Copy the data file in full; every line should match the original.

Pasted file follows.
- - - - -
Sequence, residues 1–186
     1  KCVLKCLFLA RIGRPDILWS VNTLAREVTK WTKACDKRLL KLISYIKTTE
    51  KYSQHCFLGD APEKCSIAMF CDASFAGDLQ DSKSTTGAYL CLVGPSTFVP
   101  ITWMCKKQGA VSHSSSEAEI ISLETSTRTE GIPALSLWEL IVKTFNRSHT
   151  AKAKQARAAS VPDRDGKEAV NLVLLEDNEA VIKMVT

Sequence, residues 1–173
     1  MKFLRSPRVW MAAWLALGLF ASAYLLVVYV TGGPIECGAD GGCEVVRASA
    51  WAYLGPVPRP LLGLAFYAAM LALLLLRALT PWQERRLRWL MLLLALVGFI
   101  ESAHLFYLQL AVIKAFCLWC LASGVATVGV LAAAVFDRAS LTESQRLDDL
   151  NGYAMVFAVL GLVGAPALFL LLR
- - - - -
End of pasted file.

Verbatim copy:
Sequence, residues 1–186
     1  KCVLKCLFLA RIGRPDILWS VNTLAREVTK WTKACDKRLL KLISYIKTTE
    51  KYSQHCFLGD APEKCSIAMF CDASFAGDLQ DSKSTTGAYL CLVGPSTFVP
   101  ITWMCKKQGA VSHSSSEAEI ISLETSTRTE GIPALSLWEL IVKTFNRSHT
   151  AKAKQARAAS VPDRDGKEAV NLVLLEDNEA VIKMVT

Sequence, residues 1–173
     1  MKFLRSPRVW MAAWLALGLF ASAYLLVVYV TGGPIECGAD GGCEVVRASA
    51  WAYLGPVPRP LLGLAFYAAM LALLLLRALT PWQERRLRWL MLLLALVGFI
   101  ESAHLFYLQL AVIKAFCLWC LASGVATVGV LAAAVFDRAS LTESQRLDDL
   151  NGYAMVFAVL GLVGAPALFL LLR